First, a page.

Memorial tribute to a high school chum

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Posted 23 Mar 2011 in Uncategorized

Paul Mischakoff 1939-2011

Paul was a great friend and great human being, kind and caring. His outlook on life illuminated everyone who came to know him. I felt it important to compile stories and experiences from his family and myself. If you have any memories to share, please add to the comments.

By Anne Heiles, Paul’s sister:

Paul was born July 2, 1939, in New York City. Both his parents were violinists and violin teachers, and his father, Mischa Mischakoff, was considered perhaps the world’s greatest concertmaster at the time of Paul’s birth. People might be surprised to know Paul was a hyperactive youngster, the type who took apart everything mechanical to figure out its innards. He was ahead of his age group at school, until being hit by an automobile when riding his bike home from school. After being in a coma for three weeks, he pulled through but was slowed down.

He attended Highland Park High School in Michigan after the family moved to Detroit in 1952 for his father to be concertmaster of the Detroit Symphony. He recalled how much he enjoyed being the engineer for the Radio Club, which broadcast from HPHS. Paul later became class treasurer for class reunions of his high school graduating class. After a year at the University of Michigan in electrical engineering, Paul transferred to Hillsdale College, from which he graduated in 1963 with a major in education and minors in physics and psychology. He attended Syracuse University to study math education the following year. Paul then taught math at Hampton Middle School for a year. In 1966 he received his MBA from Wayne State University, his thesis being among the first on computers. He passed the CPA exam the first time he took it.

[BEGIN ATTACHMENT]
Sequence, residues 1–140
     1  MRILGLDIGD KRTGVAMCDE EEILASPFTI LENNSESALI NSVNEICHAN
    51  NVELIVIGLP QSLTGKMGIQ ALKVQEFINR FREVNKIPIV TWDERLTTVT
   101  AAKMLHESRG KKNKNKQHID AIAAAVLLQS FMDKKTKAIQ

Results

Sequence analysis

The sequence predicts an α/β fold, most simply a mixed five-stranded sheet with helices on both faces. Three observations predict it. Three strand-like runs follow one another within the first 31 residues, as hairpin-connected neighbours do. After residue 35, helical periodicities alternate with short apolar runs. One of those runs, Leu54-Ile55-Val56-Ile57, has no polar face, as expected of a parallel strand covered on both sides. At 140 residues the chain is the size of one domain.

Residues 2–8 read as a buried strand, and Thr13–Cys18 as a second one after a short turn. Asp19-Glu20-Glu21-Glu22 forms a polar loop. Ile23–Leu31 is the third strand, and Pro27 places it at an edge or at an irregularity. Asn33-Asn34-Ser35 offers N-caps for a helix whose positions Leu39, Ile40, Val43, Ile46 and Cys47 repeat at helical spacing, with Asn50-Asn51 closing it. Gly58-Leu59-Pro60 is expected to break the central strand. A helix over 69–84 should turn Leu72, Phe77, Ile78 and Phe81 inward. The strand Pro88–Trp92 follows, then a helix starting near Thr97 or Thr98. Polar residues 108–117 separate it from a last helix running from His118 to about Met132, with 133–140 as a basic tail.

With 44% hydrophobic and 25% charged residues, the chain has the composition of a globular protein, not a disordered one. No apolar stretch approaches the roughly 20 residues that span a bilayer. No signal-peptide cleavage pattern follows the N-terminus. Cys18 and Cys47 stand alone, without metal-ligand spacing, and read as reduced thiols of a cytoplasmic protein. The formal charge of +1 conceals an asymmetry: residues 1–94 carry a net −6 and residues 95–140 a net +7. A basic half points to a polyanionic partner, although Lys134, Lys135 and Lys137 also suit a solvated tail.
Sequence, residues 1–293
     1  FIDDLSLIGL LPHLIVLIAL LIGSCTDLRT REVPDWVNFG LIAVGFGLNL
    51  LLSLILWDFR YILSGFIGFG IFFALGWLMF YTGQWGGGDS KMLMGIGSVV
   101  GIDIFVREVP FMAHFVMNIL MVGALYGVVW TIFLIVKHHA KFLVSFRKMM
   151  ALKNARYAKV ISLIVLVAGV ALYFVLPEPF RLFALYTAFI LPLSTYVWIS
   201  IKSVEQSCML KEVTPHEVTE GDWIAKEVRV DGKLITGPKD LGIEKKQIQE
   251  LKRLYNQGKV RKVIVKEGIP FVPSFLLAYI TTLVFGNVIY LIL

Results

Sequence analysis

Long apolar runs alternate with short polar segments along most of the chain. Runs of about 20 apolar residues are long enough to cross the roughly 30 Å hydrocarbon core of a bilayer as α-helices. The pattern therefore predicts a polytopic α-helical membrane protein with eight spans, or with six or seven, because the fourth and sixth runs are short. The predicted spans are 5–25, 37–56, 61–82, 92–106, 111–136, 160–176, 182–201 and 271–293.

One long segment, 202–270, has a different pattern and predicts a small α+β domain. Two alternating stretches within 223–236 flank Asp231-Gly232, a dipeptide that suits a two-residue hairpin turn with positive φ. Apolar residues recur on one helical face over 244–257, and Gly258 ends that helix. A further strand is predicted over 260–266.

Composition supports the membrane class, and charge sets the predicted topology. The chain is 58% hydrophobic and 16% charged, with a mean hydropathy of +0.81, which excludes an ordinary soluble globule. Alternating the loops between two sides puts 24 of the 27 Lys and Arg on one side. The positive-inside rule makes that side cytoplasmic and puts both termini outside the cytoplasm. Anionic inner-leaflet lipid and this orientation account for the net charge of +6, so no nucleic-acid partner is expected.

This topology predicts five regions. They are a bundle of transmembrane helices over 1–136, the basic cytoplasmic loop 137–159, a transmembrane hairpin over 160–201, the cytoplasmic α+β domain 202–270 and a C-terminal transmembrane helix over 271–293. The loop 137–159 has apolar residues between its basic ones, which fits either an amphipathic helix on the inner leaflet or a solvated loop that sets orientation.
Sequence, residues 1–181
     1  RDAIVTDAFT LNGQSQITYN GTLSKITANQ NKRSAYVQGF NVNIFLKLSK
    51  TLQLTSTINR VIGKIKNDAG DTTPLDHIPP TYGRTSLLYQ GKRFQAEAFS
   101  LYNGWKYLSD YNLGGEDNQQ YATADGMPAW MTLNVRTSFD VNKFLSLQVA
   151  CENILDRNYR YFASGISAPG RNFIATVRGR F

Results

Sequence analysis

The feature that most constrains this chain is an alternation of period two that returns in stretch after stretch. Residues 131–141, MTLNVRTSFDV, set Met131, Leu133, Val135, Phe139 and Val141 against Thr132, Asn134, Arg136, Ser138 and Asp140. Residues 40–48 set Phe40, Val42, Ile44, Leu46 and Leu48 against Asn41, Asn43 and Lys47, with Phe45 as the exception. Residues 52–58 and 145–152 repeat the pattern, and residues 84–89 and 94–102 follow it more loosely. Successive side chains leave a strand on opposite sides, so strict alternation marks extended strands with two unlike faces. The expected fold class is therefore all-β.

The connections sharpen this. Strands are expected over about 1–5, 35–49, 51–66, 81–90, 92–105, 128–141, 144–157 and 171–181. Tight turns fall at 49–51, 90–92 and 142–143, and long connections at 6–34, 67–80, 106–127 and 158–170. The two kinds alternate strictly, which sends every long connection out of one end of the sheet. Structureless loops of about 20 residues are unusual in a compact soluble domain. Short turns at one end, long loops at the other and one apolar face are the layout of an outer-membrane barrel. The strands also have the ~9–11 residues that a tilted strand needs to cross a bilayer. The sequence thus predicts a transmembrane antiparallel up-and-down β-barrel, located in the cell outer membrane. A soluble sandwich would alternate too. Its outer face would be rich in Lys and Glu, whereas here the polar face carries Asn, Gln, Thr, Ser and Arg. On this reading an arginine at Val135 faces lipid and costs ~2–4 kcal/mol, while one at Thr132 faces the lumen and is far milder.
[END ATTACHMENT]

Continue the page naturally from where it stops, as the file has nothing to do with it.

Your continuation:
He also worked for the Water Department for the City of Detroit while studying for an MBA. He spent two years with the Small Business Administration, worked for Sherman, Nathan, Ettinger, and Shewach, and finally became an independent CPA.

He was a Lifetime Member of the Economic Club of Detroit and of the Michigan Association of Certified Public Accountants (MACPA) and very much enjoyed conferences, workshops for CPUs, and the conviviality of fellow MACPA members. Just days before his death, the MACPA recognized Paul for his contributions to the organization.  He also was a longtime usher at Temple Israel as part of his membership in its Men’s Club. Chautauqua Institution, with its lake, lectures, Music Festival, and friendships was especially dear to his heart, and he spent summer vacations there at least 50 years!

One memory I will treasure is sitting with Paul at what proved to be his last dinner. He made a characteristic wry joke, a succinct observation that only Paul would have made, despite the obvious discomfort he was experiencing and his awareness that his life was quickly winding down. then we talked about the Chautauqua program, and he told me what weeks he would like most to attend. “Chautuaqua is the constant in my life,” he said.

By Leonard Borman:

I know little about Paul’s professional life. I knew he was a sole accounting practitioner. I graduated college majoring in accounting and practiced public accounting for about ten years. Our paths never crossed. Syd Weinstein and Steve Klausner, who practiced in public accounting, knew Paul personally and professionally. Unfortunately Steve died about 5 years ago and Syd lives in Florida fighting serious illnesses. Steve once mentioned to me he hired Paul to help with some accounts.